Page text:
John Arcudi has been writing comics since the late 80's. He's worked on numerous books based on films, such as Terminator, Robocop, Predator and Alien. He went on to write for both Marvel and DC, on books like Conan, Batman and Doom Patrol.
What he's best know for though, was co-creating The Mask, along with Dough Mahnke. The character was a cult hit and even spawned a feature film starring Jim Carrey. Along with Mahnke, they also created MAJOR BUMMER at DC, that became a cult hit, starring a group of ineffectual superheroes. From there he worked for years in the Mignolaverse, writing countless B.P.R.D. stories, along with Hellboy as well.
He's currently writing RUMBLE, at Image, which has been a critical success. It stars a warrior God living in a scarecrow. John is an amazing writer that can both make you laugh and frighten you with his work. If you haven't read any of his work, I suggest you check out RUMBLE and work your way back, his stuff is some of the best the industry has to offer.
COMIC LOUNGE: When did you first decide you wanted to be a writer?
JOHN ARCUDI: I was really young. Probably in 4th or or 5th grade. I wanted to be the next Herman Melville.
CL: Why did you decide on writing comics in particular?
JA: I really didn’t, actually. My plan was to write prose, but when a friend of mine was interviewing for a job as assistant editor at Cracked Magazine, I made a joke about my being a writer and to not forget me if he got the gig (he didn’t). A wonderful, generous, and talented assistant editor up at Marvel, Pat Redding, overheard me say this and asked me to submit a story for their Savage Tales magazine published in the mid 80’s. That’s how it all started; almost accidentally.
CL: You've been in the industry for quite a while now, what have been some of the highlights of your career?
JA: Working with Richard Corben and John Severin are real highlights, but getting a chance to create new books with James Harren (RUMBLE, and BPRD) and Doug Mahnke (MAJOR BUMMER and THE MASK) are right up there, too. Those two guys are not only super talented artists, but they’re incredibly imaginative which makes my job both easier and harder: easier because they make me look so good, but harder because they force me to up my game. As for works I’m most happy with, RUMBLE, MAJOR BUMMER (the worst name for a book, but it wasn’t my idea, okay?) THE CREEP, and A GOD SOMEWHERE.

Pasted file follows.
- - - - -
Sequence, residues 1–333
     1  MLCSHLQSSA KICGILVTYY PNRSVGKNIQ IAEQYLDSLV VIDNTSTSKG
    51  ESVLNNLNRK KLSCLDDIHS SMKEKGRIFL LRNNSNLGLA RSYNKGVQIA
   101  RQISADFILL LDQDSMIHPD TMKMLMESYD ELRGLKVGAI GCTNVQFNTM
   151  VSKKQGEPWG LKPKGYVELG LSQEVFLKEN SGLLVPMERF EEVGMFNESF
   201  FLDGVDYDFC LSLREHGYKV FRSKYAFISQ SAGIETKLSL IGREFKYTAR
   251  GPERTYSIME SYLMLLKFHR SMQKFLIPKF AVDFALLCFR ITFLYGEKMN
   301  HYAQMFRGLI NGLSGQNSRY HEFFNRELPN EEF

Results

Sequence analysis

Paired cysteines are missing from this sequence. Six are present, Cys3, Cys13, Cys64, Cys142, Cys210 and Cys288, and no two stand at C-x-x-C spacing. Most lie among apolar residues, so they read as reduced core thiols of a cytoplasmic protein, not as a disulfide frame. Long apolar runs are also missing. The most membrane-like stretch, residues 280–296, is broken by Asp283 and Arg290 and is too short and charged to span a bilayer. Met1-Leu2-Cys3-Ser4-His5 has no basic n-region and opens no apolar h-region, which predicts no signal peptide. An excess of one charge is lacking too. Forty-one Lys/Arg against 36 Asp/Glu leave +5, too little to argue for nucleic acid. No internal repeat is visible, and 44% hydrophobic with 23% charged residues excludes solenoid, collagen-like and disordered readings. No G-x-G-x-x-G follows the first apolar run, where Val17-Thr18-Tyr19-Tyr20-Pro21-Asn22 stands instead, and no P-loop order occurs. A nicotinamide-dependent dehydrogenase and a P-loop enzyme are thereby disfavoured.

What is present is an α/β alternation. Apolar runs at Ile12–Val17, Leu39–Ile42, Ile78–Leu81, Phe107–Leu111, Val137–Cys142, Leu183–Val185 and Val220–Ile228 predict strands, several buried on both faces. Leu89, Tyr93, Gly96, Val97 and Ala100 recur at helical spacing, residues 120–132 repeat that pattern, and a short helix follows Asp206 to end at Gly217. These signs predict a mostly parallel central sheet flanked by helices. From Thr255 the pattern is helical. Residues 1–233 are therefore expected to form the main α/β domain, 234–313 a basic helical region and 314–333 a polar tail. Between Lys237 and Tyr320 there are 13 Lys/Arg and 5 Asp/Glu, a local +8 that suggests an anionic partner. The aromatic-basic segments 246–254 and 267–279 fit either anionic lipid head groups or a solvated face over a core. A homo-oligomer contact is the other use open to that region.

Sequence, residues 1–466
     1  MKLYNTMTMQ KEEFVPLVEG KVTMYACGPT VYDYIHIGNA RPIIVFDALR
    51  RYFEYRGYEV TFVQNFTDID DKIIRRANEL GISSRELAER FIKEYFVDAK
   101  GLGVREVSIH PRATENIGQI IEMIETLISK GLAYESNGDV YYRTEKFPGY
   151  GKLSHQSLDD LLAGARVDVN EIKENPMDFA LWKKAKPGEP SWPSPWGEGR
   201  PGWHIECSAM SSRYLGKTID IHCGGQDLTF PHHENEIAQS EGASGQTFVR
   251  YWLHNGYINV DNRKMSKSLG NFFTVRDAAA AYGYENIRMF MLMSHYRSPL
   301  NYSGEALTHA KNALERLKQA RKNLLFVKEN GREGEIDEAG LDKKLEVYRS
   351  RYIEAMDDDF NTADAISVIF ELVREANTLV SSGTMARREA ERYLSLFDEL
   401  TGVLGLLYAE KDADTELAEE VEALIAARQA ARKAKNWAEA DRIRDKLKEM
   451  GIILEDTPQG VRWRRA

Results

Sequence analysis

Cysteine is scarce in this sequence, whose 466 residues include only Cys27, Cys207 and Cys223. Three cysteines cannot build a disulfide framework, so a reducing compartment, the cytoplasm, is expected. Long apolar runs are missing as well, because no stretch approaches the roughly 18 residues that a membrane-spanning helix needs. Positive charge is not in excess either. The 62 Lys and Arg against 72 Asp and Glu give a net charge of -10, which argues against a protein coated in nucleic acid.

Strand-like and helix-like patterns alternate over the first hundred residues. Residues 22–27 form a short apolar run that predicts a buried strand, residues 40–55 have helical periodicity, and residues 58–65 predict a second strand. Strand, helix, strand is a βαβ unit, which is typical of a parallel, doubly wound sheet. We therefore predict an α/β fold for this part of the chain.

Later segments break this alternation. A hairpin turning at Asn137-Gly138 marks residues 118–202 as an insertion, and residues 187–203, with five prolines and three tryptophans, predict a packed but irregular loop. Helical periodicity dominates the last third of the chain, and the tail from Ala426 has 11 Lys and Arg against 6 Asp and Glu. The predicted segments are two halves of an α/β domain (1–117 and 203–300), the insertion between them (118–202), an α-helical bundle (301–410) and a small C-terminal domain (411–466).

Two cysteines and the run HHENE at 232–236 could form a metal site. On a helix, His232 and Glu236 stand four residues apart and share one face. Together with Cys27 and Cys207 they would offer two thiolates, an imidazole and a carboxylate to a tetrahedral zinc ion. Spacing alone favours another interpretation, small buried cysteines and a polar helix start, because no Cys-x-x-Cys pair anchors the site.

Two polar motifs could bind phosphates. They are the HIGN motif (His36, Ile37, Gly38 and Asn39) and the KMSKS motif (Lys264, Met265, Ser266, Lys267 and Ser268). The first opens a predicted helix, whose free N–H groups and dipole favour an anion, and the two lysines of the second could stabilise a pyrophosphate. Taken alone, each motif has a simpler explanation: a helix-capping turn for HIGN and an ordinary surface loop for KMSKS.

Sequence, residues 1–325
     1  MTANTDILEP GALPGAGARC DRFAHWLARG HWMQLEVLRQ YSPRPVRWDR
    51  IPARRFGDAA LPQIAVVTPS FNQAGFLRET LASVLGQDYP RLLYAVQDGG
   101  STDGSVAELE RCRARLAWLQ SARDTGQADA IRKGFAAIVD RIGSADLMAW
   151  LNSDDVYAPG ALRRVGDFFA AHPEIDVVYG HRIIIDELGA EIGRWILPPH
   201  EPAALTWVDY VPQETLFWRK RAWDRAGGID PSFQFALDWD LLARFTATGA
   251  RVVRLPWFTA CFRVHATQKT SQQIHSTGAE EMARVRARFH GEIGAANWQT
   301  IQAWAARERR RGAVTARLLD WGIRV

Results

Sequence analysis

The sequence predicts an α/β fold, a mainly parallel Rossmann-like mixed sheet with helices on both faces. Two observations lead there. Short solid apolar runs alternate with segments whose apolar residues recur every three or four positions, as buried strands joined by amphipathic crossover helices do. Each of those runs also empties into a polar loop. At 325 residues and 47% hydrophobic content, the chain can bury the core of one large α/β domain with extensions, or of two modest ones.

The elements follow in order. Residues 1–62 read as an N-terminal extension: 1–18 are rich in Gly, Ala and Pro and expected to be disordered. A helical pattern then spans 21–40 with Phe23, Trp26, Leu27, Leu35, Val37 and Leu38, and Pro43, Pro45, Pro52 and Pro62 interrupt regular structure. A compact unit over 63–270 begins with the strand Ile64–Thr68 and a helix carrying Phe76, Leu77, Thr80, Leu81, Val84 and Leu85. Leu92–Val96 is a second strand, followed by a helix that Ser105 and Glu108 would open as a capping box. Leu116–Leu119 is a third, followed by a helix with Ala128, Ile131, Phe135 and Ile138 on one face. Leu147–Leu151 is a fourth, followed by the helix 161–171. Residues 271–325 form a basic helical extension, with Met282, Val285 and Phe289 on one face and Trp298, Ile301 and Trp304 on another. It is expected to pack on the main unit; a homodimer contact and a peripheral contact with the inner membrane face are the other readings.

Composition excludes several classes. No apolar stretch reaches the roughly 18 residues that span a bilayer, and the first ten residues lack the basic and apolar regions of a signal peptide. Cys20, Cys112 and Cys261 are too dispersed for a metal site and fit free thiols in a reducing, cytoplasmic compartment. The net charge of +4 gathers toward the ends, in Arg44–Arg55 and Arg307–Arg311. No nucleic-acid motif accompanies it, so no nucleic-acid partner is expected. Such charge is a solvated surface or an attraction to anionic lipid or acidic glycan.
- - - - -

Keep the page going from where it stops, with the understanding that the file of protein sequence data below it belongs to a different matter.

CL: Anything you wish you did differently?
JA: Oh, yes!
CL: How do you prepare when starting a new project?
JA: Research. Lots and lots of research. not a sexy answer, but if anybody reading this thinks s/he wants to be a writer, this is important to hear. If you don’t do the research, you won’t have enough information to tell the truth, and if you can’t tell the truth, then you can’t convincingly tell the lies you need to tell to make a story work.
CL: When writing your scripts do you describe every scene, or do you let the artist do there thing?
JA: Depends on the artist, some want less information, some more, but my go-to format is full script with panel descriptions and dialogue all there for the artist to use. The artist can, of course, go in a different direction as long as the story is made better, and then I frequently will adjust the dialogue to match that direction.
CL: Have you ever thought of returning to cult favorite MAJOR BUMMER?
JA: Sure, but Doug Mahnke’s DC exclusive contract makes the pretty unlikely. Also I doubt that it would sell well enough for us to make it work, but if we could we would change the name!
CL: I know you're currently working on RUMBLE at Image. Can you talk a little bit about the book for new readers?
JA: It’s the old story of a warrior god’s soul getting stuck inside a modern, living scarecrow. More to the point, the war he was fighting thousands of years ago is over, but he can’t let it go. Like a lot of people out there, he wants his glory days back, only in his case those glory days involve killing lots, and lots of monsters.
CL: What are your long term plans for the book?
JA: Well, sales always determine just how long long-term is, so we’ll just have to see about that.
CL: Are there any other projects you're currently working on that you can talk about?
JA: I’m editing a sort of portfolio of illustrations for Herman Melville’s many stories and novels that will be published right around the bicentennial of his birth. It’s called From Hell’s Heart. That’s been great, and the illustrations are all pretty sweet. I’m also writing another book that has yet to be announced but it’s been a lot of fun so far.
CL: What is the best piece of advice you could give an aspiring writer?
JA: Besides “research?" Well, more of the same, really, which is to say don’t be afraid of hard work, because writing is hard work - or it should be. As Ernest Hemingway said, “Easy writing makes for hard reading.” You’ve got to write every day, and you’ve got to be willing to throw most of that writing away. You need to communicate to your reader, or else what’s the point? And then you need to make it interesting, or else, again, what’s the point? Most writers will be terrible for a long time, but eventually they’ll get better. Eventually. I’m still waiting…